Electrified machinery falls under Scope 2 and Scope 3 indirect carbon emissions, as defined by entities such as the World Economic Forum and the U.S. Environmental Protection Agency.

The energy required to power cleaning equipment batteries falls under Scope 2 emissions. By enhancing battery and charger efficiency, companies can diminish electricity demand, effectively reducing these indirect emissions.

The production and disposal of batteries and chargers contribute to Scope 3 emissions. Prolonging the lifespan of these components with proper maintenance and by prioritizing durability and repairability in product selection can help mitigate environmental impact.

Smart choices in battery and charger technologies can substantially reduce the indirect carbon footprint of these operations. Through strategic improvements in efficiency and longevity, businesses can ensure their cleaning operations are as sustainable as possible.

Future of eco-friendly floor cleaning

The path to sustainability in floor cleaning equipment is not just about switching to electric models, but also about powering and maintaining these models.

Businesses can make significant strides in their sustainability efforts by focusing on battery maintenance, choosing reliable and efficient chargers, and understanding the indirect impact these components have on their carbon footprint.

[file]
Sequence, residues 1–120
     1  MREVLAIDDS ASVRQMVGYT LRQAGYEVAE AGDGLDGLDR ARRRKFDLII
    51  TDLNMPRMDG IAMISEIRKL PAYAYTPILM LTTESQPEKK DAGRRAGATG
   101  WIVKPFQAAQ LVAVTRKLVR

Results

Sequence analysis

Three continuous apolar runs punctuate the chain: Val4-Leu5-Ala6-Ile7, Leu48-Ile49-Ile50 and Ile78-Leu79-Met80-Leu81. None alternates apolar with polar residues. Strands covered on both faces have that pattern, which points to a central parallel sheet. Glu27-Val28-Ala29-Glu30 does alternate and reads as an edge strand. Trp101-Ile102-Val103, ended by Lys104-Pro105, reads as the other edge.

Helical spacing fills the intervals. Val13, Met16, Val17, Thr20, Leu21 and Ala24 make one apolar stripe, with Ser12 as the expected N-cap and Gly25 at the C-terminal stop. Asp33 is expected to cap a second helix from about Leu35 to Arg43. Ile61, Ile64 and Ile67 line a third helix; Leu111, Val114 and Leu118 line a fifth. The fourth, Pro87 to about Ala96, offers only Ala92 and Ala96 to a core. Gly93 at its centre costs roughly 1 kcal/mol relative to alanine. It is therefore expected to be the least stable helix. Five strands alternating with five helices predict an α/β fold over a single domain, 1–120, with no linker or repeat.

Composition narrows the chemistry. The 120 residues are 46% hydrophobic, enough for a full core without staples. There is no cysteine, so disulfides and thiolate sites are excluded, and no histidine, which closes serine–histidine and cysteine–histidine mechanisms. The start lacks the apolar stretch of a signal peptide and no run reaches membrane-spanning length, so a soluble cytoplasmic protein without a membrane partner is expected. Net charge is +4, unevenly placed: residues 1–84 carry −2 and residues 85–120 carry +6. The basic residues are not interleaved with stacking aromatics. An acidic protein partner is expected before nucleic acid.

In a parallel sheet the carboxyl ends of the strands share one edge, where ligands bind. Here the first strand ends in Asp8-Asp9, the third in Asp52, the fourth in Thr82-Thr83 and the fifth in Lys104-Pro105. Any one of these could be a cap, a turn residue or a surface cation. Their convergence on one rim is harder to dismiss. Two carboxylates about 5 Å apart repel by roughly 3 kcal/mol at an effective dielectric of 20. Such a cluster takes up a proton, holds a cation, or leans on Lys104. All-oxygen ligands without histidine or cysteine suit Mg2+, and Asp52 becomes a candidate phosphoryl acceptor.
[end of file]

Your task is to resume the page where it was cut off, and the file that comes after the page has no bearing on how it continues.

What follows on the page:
By laying the foundation of reliable battery and charging solutions, cleaning operations can build on their goals for better performance, reduced operating costs, and improved longevity in their
equipment.

As the world continues to move toward a greener, more sustainable future, the role of advanced battery and charging solutions in the cleaning and maintenance industry will continue to lead the charge.

Conway Hui

Director of Sales Application, Engineering, Customer Support, Delta-Q Technologies

Conway Hui is the director of sales application, engineering, and customer support at Delta-Q Technologies, which collaboratively designs, tests, and manufactures robust battery chargers that improve the performance of floor care machines and other equipment. For more information, visit delta-q.com or follow company updates on LinkedIn.